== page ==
The EU’s role and capabilities in this crisis were considered insufficient on several occasions in the various debates. Often, calls for the EU to step in and protect civil, political and Human Rights were made. Several missed opportunities occurred during this first part of 2020, whether in terms of coordinating the answer to Covid-19, in overseeing a smarter closure of internal borders or in ensuring the respect for Rule of Law and fundamental rights within the EU’s territory. The EU could have shone in its natural role as a coordinator during this pandemic, but the lack of political will coming from the member states prevented this.
The eleven debates also included other topics whether directly related or not to the protection of these freedoms. Covid-19 indeed gave a window for more reflexion on what future we want for Europe and its citizens, with an opportunity to reshape our priorities in terms of policies and investments. It has been an opportunity to promote ideas which were divisive in the past as well; for instance, new environmental and economic policies could be a solution for creating jobs and reviving businesses. Overall, the idea that the crisis will have a long-term effect on our societies is reflected in many aspects such as the concept of essential jobs being revisited, or the role of digitalisation and teleworking in a working environment.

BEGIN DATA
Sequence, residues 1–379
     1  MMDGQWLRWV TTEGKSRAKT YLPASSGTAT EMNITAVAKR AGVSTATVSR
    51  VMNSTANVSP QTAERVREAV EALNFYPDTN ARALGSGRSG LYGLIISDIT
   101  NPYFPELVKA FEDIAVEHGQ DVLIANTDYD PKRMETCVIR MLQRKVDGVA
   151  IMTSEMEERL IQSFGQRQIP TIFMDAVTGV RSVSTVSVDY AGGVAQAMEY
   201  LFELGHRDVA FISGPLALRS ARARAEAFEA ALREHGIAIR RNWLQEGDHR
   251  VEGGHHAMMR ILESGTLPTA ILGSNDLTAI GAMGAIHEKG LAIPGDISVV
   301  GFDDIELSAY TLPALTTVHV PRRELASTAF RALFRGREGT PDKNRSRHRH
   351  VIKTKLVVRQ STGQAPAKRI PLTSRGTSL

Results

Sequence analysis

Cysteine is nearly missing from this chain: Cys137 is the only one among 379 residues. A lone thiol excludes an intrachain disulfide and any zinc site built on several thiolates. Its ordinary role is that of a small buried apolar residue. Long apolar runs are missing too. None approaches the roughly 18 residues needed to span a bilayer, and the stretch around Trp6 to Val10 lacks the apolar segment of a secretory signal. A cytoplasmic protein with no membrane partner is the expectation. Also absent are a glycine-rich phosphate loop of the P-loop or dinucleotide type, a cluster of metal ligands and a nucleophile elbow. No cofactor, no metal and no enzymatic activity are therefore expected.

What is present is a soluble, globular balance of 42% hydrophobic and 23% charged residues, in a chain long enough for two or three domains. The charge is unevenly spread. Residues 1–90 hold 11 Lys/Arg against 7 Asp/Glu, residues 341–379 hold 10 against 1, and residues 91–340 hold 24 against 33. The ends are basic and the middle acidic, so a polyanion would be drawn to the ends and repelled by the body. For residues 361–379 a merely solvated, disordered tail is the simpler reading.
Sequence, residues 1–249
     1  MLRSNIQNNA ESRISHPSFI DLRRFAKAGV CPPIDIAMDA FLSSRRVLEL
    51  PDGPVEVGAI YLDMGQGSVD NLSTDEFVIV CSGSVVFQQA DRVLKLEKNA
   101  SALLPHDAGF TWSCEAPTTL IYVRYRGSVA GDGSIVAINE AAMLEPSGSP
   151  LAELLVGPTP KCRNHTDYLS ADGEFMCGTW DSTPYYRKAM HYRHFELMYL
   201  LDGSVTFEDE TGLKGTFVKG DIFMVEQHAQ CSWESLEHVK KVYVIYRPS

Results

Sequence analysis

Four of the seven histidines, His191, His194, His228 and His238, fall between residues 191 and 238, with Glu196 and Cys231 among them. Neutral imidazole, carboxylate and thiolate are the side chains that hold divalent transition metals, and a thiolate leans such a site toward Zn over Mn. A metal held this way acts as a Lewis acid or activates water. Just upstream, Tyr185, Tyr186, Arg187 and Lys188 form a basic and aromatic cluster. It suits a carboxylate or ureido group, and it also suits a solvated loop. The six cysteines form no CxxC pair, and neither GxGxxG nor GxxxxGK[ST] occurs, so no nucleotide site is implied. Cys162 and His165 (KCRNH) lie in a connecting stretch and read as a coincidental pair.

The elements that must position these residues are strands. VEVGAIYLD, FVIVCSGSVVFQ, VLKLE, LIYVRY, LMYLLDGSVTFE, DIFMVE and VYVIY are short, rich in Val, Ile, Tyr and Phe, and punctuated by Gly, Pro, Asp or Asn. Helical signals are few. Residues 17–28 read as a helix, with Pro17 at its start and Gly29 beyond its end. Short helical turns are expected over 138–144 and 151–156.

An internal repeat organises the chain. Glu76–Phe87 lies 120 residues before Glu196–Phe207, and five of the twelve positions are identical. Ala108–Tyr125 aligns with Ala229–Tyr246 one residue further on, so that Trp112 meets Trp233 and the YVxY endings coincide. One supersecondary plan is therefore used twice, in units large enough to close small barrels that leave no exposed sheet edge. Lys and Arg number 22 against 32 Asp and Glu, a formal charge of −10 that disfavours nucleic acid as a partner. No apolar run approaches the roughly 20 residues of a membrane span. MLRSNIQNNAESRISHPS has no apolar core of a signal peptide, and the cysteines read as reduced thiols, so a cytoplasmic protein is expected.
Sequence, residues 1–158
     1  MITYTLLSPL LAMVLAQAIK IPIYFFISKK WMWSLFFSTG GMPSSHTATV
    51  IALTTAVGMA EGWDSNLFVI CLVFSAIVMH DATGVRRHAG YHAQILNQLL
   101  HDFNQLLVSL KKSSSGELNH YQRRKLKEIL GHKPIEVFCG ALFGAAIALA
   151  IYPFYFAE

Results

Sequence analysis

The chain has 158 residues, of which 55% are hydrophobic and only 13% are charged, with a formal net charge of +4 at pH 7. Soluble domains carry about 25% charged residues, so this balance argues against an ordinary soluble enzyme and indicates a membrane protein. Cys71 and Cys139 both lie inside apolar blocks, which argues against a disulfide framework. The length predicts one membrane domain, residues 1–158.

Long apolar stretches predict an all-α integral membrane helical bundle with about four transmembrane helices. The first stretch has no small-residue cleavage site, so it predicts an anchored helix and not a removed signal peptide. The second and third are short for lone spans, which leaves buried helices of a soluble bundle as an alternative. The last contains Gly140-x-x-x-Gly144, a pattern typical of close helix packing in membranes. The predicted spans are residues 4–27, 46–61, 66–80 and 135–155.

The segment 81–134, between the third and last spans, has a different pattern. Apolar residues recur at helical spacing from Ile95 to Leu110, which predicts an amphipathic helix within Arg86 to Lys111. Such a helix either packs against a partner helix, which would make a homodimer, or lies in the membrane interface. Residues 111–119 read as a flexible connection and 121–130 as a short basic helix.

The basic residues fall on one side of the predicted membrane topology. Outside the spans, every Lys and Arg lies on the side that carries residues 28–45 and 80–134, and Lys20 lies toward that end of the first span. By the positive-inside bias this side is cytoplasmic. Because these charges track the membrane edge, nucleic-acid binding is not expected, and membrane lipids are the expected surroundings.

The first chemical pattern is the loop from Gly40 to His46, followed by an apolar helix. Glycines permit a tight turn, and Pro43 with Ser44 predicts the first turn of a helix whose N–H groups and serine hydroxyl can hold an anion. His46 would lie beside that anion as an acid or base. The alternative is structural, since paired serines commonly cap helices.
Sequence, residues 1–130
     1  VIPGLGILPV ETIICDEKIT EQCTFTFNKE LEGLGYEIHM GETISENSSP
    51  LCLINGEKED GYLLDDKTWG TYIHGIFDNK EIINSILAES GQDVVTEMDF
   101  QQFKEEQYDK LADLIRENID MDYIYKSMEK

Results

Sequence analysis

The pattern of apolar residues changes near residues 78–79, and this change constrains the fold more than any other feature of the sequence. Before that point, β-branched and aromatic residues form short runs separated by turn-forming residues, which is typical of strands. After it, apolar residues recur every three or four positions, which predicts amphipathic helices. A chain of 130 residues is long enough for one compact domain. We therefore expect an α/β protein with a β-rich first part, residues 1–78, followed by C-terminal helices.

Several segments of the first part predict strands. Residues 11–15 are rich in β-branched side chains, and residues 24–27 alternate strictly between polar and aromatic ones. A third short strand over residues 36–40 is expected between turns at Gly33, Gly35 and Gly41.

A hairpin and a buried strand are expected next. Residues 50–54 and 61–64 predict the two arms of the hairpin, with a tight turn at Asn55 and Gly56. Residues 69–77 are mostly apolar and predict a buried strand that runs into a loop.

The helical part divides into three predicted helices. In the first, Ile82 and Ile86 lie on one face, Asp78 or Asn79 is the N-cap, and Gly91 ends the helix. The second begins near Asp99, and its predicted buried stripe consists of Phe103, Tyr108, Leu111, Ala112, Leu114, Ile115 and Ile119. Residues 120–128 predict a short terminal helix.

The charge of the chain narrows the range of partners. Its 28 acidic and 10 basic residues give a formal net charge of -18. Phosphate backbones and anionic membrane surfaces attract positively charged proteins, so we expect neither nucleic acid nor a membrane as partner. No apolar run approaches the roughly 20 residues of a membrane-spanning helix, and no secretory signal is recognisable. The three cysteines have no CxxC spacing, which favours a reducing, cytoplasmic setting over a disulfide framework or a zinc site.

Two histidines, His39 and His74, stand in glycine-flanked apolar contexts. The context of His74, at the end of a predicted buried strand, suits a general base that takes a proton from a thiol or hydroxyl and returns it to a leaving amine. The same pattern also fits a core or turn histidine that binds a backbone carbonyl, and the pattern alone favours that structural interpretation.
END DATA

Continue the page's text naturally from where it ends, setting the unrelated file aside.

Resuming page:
Since we do not have an existing model or experience of a pandemic on such a scale, it is therefore our role to anticipate long-term strategies to prevent the failures, the level of unpreparedness and the attacks on our freedoms we saw in many countries from happening again. Covid-19 is a virus infecting not only infecting European citizens but also European democracies, by limiting our rights and endangering liberal values. This crisis should therefore be seen as a window of opportunity for more reflexion and dialogue on the efforts to be made to protect our freedoms. The Liberties in Lockdown series, with 8,000 viewers across platforms by the end of June, proved that interest for our liberties is still strong and that in a context where they are threatened, we as liberals must remain at the forefront to advocate them.
Aleksandre Zarubica is Project Intern at the European Liberal Forum.
List of “Liberties in Lockdown” webinars:
Episode I: Is your data going viral?
Episode II: Business with new borders
Episode III: Is the coronavirus infecting free speech?
Episode VI: Keeping the faith during COVID-19
Episode VII: My home is not my castle: Cybersecurity and COVID-19
Episode VIII: Please mind the (generational) gap
Episode IX: Back to what future: Work and COVID-19
Final Episode: Policing the pandemic: Freedom of assembly and COVID-19